MMMmmmm Campbell’s

I grew up eating Campbell’s soup and I loved all the flavours – chicken noodle, tomato, vegetable and mushroom. Back in the 1970’s almost every casserole recipe had a tin of Campbell’s mushroom soup in it. Even with all the knowledge that I now have in nutrition, there are some habits that are hard to break.
But Campbell’s original soup is one that I have broken up with for good. The ingredients label is the cause of my leaving Campbell’s behind, and is likely why so many are doing the same1. Let’s analyze the ingredients one by one, so you understand why you too may want to look for alternatives to the classic soups.

1. Water Is the water filtered? Was it previously stored in plastic and now contains BPA?
2. Mushrooms Okay – I will give this one to you Campbell’s- I like this ingredient
3. Modified Corn starch Corn itself is highly genetically modified – one to avoid! And the word “modified” is perplexing – modified how exactly? Often modified means to include MSG – MSG and its related products have been linked skin rashes, nausea, migraine headaches, heart irregularities, and even seizures2, making MSG another one to avoid.
4. Canola or soybean oil First of all, which one is it? Canola or Soybean? Either way, they are both genetically modified – an absolute avoid!
5. Wheat flour Unless organic, wheat is sprayed with a possibly carcinogenic/toxic chemical called glyphosate3– an absolute avoid!
6. Corn starch See comments under 3. Modified Corn starch – another dose of GMO.
7. Cream A dairy product. Dairy is full of chemicals used in processing and production. Not only do the medications used on dairy cows (ie hormones and antibiotics) make their way into the milk, the pesticides in foods the animal consumes also do. The processes of pasteurization can also add in more harmful chemicals to the milk. Here are a few other points from Dr. Mark Hyman: “The Federal Trade Commission (FTC) recently asked the UDSA to look into the scientific basis of the claims made in the “milk mustache” ads. Their panel of scientists stated the truth clearly:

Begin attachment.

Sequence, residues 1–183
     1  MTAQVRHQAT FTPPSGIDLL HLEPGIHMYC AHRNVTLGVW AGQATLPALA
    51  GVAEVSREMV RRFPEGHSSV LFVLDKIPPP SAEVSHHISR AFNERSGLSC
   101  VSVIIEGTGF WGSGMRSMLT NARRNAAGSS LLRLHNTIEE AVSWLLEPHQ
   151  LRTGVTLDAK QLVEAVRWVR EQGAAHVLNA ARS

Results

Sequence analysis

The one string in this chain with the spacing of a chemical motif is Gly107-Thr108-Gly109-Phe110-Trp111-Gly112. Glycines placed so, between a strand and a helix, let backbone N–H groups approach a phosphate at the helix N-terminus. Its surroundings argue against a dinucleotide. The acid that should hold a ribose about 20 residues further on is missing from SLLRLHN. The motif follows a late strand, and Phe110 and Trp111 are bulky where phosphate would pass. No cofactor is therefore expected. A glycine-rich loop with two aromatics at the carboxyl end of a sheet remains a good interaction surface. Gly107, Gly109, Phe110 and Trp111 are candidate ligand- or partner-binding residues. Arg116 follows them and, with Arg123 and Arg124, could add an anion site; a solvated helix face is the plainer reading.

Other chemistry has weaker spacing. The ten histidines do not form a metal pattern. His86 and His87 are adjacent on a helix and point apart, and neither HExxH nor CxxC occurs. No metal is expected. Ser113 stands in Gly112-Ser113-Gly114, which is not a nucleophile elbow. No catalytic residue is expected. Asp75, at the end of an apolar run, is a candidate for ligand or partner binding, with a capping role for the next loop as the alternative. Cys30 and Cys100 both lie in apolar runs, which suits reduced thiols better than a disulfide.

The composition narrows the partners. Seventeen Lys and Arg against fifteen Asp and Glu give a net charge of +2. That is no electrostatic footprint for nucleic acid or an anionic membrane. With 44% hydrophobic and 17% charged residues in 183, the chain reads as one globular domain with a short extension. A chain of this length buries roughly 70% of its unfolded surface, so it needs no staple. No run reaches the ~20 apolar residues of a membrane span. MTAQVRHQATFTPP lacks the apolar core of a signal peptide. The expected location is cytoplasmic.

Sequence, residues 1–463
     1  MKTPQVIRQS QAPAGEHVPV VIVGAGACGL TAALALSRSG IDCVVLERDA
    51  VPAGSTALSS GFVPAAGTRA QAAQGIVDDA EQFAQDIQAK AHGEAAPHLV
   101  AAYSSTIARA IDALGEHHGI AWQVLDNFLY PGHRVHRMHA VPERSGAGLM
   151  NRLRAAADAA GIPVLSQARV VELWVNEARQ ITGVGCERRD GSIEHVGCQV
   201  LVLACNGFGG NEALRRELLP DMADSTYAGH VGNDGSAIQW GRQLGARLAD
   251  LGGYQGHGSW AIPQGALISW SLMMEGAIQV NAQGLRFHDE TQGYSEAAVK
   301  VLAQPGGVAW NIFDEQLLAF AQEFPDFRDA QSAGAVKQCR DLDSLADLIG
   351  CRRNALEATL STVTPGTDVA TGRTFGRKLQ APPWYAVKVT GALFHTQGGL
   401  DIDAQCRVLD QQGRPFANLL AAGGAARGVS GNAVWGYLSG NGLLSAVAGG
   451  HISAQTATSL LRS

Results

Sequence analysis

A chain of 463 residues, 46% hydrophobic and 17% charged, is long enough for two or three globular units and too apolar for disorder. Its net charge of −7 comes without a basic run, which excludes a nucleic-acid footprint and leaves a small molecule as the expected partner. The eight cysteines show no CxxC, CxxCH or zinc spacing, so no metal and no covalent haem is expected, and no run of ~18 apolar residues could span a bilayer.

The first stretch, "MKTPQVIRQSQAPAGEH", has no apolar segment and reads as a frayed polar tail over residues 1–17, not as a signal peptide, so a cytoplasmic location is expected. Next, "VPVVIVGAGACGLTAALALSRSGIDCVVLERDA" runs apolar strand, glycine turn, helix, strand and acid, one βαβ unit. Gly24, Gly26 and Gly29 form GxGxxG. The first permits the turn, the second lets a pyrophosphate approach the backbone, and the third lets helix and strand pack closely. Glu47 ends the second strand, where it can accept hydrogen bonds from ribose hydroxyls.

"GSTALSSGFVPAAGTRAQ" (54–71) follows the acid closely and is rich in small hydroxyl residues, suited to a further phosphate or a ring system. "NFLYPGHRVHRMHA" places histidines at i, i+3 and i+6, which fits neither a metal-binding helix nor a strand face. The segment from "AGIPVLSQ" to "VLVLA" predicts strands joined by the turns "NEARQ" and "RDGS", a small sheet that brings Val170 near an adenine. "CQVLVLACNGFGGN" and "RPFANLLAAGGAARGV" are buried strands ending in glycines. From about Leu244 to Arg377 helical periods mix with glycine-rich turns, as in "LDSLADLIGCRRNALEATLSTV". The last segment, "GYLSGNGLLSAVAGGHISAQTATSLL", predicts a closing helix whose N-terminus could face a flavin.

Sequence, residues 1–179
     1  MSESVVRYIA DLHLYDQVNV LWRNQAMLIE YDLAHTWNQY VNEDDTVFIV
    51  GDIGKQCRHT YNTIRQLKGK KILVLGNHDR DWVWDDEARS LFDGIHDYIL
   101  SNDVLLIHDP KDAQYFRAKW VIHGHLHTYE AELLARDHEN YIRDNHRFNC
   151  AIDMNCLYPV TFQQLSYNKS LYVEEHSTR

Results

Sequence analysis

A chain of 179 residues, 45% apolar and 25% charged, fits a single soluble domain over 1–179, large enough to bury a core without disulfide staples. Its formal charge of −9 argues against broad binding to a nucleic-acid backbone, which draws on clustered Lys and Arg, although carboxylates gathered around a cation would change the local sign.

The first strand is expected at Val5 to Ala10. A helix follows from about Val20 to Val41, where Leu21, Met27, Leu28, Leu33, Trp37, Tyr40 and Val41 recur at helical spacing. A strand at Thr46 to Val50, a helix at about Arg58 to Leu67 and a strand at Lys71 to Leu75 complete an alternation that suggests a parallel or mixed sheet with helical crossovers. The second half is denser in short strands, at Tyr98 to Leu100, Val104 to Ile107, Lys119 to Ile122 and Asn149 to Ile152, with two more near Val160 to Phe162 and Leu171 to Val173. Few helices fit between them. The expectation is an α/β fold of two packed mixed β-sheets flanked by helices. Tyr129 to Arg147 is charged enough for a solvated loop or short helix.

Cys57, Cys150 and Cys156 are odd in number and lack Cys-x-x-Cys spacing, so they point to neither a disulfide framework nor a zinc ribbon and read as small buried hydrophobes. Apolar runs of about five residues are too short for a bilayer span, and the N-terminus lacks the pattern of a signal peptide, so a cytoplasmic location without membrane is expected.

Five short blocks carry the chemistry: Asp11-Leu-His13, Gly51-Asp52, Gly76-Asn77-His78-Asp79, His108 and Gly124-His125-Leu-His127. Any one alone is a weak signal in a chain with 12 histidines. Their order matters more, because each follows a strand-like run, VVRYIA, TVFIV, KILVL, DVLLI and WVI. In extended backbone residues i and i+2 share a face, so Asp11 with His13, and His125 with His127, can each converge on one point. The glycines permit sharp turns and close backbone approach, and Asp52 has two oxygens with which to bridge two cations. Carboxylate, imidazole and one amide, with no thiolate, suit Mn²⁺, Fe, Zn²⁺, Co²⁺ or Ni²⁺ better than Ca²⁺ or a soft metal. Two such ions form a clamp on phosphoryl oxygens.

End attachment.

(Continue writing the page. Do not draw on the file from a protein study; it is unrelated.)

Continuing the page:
• Milk doesn’t benefit sports performance.
  • There’s no evidence that dairy is good for your bones or prevents osteoporosis — in fact, the animal protein it contains may help cause bone loss!
  • Dairy is linked to prostate cancer.
  • It’s full of saturated fat and is linked to heart disease.
  • Dairy causes digestive problems for the 75% of people with lactose intolerance.
  • Dairy aggravates irritable bowel syndrome. Simply put, the FTC asked the dairy industry, “Got Proof?” — and the answer was NO!

Plus, dairy may contribute to even more health problems, like:

  • Allergies
  • Sinus problems
  • Ear infections
  • Type 1 diabetes
  • Chronic constipation
  • Anemia (in children)

Due to these concerns, many have begun to consider raw milk an alternative. But it may not be the ideal answer to all dairy concerns. While it is true that raw, whole, organic milk eliminates concerns like pesticides, hormones, antibiotics, and the effects of homogenization and pasteurization, these benefits don’t outweigh dairy’s potential risks linked with infection and chronic disease.

From an evolutionary point of view, milk is a strange food for adult humans. Until 10,000 years ago we didn’t domesticate animals and weren’t able to drink milk (unless some brave hunter-gather milked a wild tiger or buffalo!).

If you don’t believe that, consider this: The majority of humans naturally stop producing significant amounts of lactase — the enzyme needed to properly metabolize lactose, the sugar in milk — sometime between the ages of two and five. In fact, for most mammals, the normal condition is to stop producing the enzymes needed to properly digest and metabolize milk after they have been weaned.